What happens to the quality of education when you trust teachers to lead improvement initiatives, and give them the space to do so? If the early indicators from experiments in computing science school-stage education are anything to go by, the answer is that astonishing results can be achieved, and achieved quickly. 

The Scottish Technology Ecosystem Review was released in August 2020, and included recommendations to improve the state of computing science education in Scottish schools.  Although programming is a critical skill for Scotland’s technology economy, computing science has long been the neglected poor relation of other STEM subjects within Scottish education priorities.  

This has led to falling teacher numbers and difficulty in recruiting specialists into the subject, and leaves Scotland in a position where less than a third of its secondary schools are able to offer the subject at Advanced Higher level, with a whopping one quarter not able to offer it even at Higher level.

When I started to explore solutions to these problems with education administrators back in 2020, I was struck by the fact that, in meetings, workshops and roundtables on the subject, not a single teacher was present. An early priority, therefore, was to directly involve teachers in working to arrest the decline.  

It’s fair to say that giving such a level of agency to teachers caused apprehension amongst some in administrative circles. Nevertheless, Scottish Teachers Advancing Computing Science (STACS) was formed just over a year ago. The organisation, which is funded by the Scottish Government, is led by two former computing science teachers, Toni Scullion and Brendan McCart, who work with a wider group of expert teachers across Scotland.  

In its first year, STACS has already created a full set of resources to support the teaching of computing science to 1st and 2nd year pupils, where existing teaching materials have been severely lacking. This matters because losing the interest of pupils at this early stage makes it much harder to re-engage them later on.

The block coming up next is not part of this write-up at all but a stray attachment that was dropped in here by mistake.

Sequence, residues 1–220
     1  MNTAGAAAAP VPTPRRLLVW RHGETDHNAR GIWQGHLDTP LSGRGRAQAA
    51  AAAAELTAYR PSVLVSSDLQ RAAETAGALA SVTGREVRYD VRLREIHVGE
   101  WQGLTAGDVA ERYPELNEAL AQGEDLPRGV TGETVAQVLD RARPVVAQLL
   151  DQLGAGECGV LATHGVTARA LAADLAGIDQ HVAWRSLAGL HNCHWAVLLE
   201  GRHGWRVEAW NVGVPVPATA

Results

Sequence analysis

Even more impressive is the launch of a nationwide continuous-skilling programme, the first of its kind anywhere in the world. In a field that evolves rapidly, many teachers, for example, those who have cross-trained from other specialisms, report a lack of confidence in teaching computing science at advanced levels. STACS addresses this by hosting a platform where our more experienced teachers help those with less experience to skill-up and stay current with the subject as it evolves. And STACS works with the SQA to identify areas in the annual examinations where pupils most struggle, prioritising teacher training to those areas.

In short, members of the network of computing science teachers in Scotland are helping each other to build confidence and to improve the teaching experience for pupils. Importantly, this networked approach brings immediate national scale to the programme, in contrast to those traditional one or two school pilot programmes that fizzle out when no one is looking. Most importantly, teachers love it. 

When we trust teachers to lead, they generate solutions that are informed, innovative and effective, and which administrative hierarchies alone would label unsolvable. Let’s extend this approach across more subjects. In the battle to improve standards, we should listen first to those in the front line.